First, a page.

From: Nicola Musatti (Nicola.Musatti_at_[hidden])
Date: 2007-05-02 16:53:02
Sohail Somani wrote:
> If you treat warnings as errors and if bjam has an option to "keep
> going" as much as possible, then you get builds as far as they can go
> (i.e. all the warnings) and builds fail if there are warnings. Then
> I think you don't need to depend on the regression reporting tools
> for the rest of time, atleast for this stuff.
I'm convinced that library authors already make an effort to clear
warnings on the platforms they have available. The real problem is
dealing with platforms not available to developers. For those you do
need to rely on regression reports and feedback after a tentative patch
can take as long as a whole week. Furthermore I'm sure that library
authors already devote to Boost all the time they can afford.
> Usually the warnings I've seen in Boost are pretty easy to fix but
> its understandable that that puts yet another load on the developers.
> The "problem" with patches is that they take forever to get accepted
> and/or commented on as they are lots of little loads and resources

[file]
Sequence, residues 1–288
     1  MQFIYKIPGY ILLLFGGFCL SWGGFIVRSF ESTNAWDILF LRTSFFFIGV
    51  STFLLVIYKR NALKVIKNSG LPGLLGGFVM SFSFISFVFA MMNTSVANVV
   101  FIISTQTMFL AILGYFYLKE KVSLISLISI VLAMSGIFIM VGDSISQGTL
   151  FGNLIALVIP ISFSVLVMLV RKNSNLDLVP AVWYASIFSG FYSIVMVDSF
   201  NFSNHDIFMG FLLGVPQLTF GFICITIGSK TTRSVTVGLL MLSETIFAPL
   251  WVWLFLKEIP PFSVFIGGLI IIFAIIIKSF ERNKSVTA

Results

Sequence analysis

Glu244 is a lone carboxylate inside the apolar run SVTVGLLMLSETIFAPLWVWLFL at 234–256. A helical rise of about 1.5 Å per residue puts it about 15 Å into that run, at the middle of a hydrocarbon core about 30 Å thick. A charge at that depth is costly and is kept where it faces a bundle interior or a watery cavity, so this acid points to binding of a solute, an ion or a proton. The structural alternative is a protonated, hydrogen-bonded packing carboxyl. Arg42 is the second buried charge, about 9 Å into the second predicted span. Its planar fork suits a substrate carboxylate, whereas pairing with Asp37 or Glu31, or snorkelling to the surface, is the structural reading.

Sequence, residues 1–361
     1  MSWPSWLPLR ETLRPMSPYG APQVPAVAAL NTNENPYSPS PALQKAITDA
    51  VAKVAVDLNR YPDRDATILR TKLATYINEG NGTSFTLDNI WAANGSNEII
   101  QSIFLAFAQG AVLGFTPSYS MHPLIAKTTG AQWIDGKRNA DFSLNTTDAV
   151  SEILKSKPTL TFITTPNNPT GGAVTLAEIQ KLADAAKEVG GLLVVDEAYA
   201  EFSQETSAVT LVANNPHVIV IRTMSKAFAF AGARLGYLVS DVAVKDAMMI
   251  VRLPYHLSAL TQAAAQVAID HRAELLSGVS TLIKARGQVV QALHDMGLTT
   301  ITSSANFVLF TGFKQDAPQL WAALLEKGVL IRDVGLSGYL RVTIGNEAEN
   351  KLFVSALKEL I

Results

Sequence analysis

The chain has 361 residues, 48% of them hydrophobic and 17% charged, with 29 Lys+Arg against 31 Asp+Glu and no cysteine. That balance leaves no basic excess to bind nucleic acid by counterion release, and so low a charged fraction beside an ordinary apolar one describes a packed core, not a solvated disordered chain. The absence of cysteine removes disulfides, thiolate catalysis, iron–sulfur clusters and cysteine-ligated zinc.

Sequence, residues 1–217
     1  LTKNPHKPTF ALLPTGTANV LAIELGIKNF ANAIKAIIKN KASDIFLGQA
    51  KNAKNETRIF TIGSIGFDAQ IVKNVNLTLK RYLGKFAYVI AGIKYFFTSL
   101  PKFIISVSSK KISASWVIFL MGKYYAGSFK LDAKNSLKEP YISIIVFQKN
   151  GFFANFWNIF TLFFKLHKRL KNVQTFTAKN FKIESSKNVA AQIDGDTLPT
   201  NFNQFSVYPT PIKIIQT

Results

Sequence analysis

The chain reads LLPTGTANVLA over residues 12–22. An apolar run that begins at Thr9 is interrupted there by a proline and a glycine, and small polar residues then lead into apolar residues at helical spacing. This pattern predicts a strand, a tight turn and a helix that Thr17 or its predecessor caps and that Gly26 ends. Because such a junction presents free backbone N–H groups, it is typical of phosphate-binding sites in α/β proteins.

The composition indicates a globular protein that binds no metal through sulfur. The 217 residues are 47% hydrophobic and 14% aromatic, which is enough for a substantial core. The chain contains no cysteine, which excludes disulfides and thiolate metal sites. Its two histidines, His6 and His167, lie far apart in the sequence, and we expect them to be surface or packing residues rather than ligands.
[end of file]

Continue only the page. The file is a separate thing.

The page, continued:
> are limited. Warning-fixing patches are understandably lower priority
> than segfault-fixing ones. Maybe a catch-all-warning-fixes bug is in
> order if we can get some sort of resource with commit privilege to
> look over it? The prerequisite is that the patches should ONLY quiet
One improvement would be to move to a bug tracking tool more manageable
than sourceforge's. As a new Trac is being setup, maybe the plan is to
move to its own tool, but I don't know for sure and I'm not familiar
> If we do this, and then at some point accept this catch-all set of
> patches, then we can turn on warnings as errors once the patches have
> been merged. I've had to do this before, and this works as far as
> setting you up for the future.
For how many platforms at the same time? I don't see this working unless
you're able to ensure nightly regression testing turnaround for all the
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